Parry has won 22 times around the world, including the NEC Invitational at Sahalee in 2002 and at Doral two years ago when he holed a 6-iron from the 18th fairway for eagle on the first playoff hole. The 40-year-old Australian is 179th on the money list and has no intention of going back to Q-school to retain his card.
But he's not retiring, either.
Parry told the Australian Associated Press last week that he will play the Japan PGA Tour, which is a shorter commute from Australia, and where he has a 10-year exemption from winning the 1997 Japan Open.
'It's not a hard decision,' Parry told AAP. 'I'm a little sick of the jet lag. It's a decision more about lifestyle than prize money. It's about getting to a place and feeling healthy and ready to play. I've had a good time in the States, but it's time to go home.'
Parry will return to the United States if eligible for a major or a World Golf Championship. And he will keep his home in Florida, renting it next year to Nick O'Hern, a fellow Aussie who wants a U.S. base.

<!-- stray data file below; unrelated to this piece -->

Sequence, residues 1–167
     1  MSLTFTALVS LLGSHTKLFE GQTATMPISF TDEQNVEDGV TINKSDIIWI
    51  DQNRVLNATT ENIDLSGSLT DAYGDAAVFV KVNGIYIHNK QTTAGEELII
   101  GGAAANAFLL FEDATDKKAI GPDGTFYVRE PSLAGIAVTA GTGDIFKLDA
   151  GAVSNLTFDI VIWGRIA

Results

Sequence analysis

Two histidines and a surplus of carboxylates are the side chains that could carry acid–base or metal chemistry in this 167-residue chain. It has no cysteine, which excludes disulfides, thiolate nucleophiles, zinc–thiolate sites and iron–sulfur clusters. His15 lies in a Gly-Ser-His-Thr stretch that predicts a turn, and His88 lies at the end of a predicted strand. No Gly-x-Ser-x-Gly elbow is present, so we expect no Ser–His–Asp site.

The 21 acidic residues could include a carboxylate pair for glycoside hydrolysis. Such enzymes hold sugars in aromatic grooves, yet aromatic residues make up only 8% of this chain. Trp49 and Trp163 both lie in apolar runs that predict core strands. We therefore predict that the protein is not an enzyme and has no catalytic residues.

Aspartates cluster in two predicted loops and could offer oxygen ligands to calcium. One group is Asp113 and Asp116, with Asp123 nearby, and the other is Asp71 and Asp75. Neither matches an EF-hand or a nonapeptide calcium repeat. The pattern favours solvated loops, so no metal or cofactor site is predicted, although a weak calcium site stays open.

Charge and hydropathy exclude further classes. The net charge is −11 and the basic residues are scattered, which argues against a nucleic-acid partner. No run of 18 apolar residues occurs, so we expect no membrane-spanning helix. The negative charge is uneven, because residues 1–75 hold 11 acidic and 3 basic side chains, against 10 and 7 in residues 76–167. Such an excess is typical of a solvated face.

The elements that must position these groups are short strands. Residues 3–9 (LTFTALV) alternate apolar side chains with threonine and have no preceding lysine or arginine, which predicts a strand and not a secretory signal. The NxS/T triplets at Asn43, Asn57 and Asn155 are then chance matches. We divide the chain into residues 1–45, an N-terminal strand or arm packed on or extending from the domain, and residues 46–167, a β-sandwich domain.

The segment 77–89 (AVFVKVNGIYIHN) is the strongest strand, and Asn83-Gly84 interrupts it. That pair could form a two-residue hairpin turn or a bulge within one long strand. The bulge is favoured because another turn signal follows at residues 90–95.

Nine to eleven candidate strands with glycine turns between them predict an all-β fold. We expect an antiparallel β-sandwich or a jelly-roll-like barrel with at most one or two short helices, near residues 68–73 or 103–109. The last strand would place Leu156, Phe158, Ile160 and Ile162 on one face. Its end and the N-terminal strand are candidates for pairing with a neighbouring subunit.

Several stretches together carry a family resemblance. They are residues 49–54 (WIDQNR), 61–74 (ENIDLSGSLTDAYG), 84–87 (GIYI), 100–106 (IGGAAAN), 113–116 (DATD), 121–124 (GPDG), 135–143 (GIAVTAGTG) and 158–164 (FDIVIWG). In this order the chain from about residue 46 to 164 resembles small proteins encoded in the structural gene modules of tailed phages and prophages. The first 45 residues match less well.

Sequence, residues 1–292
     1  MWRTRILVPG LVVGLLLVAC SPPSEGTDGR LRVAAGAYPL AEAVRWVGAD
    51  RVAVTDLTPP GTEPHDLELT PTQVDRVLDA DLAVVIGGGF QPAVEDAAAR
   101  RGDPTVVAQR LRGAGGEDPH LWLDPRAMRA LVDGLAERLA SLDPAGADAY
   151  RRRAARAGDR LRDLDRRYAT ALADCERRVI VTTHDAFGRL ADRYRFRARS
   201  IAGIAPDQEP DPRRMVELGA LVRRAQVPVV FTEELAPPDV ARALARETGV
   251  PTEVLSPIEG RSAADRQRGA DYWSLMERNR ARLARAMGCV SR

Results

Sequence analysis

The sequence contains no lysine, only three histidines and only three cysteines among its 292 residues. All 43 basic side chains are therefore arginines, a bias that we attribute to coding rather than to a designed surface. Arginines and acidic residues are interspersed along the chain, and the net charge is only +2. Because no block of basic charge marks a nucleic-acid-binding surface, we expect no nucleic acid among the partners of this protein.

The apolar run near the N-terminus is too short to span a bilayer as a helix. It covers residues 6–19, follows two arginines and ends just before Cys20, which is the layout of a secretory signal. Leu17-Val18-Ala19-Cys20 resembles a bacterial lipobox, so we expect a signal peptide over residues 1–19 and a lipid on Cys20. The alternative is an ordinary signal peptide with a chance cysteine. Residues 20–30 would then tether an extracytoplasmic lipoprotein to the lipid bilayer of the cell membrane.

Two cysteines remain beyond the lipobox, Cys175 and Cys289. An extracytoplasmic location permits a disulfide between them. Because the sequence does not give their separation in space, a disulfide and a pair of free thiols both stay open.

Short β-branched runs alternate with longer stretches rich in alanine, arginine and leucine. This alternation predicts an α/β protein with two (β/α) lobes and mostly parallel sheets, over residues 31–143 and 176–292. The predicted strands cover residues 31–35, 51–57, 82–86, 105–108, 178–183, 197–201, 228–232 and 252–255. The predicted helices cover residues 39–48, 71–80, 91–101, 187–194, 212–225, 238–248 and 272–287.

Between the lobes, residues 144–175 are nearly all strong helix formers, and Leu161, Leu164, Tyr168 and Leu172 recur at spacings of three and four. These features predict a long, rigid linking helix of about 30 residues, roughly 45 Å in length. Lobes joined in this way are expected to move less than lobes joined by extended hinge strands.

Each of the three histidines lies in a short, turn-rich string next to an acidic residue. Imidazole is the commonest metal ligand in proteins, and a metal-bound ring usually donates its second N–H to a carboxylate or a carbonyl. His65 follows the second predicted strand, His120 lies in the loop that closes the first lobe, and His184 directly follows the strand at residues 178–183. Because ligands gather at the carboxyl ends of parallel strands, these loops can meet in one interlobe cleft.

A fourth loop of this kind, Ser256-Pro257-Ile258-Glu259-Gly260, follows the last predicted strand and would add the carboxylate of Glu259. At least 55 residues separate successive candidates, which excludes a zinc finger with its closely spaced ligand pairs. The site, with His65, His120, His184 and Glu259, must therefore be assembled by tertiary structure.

The Players Championship raised $2.7 million to be distributed among 90 charities in northeast Florida. ... Tests on Stephen Ames' back on Monday revealed no skeletal damage, only sore muscles. His agent said doctors have prescribed treatment and rest, and Ames is planning to play in the Skins Game on Thanksgiving weekend and the World Cup in Barbados on Dec. 7-10. ... Paul Azinger says he has spoken with the PGA of America about the Ryder Cup captaincy, although he did not classify it as a formal interview.
STAT OF THE WEEK
Justin Rose at Disney and Pat Perez at the Bob Hope Classic each shot 60 in the first round. Neither went on to win the tournament.
'It's an insult to Europe to say, 'What went wrong?'' -- Paul Azinger, on the U.S. losing to Europe by a record margin for the second straight time.
Copyright 2006 Associated Press. All rights reserved. This material may not be published, broadcast, rewritten or redistributed.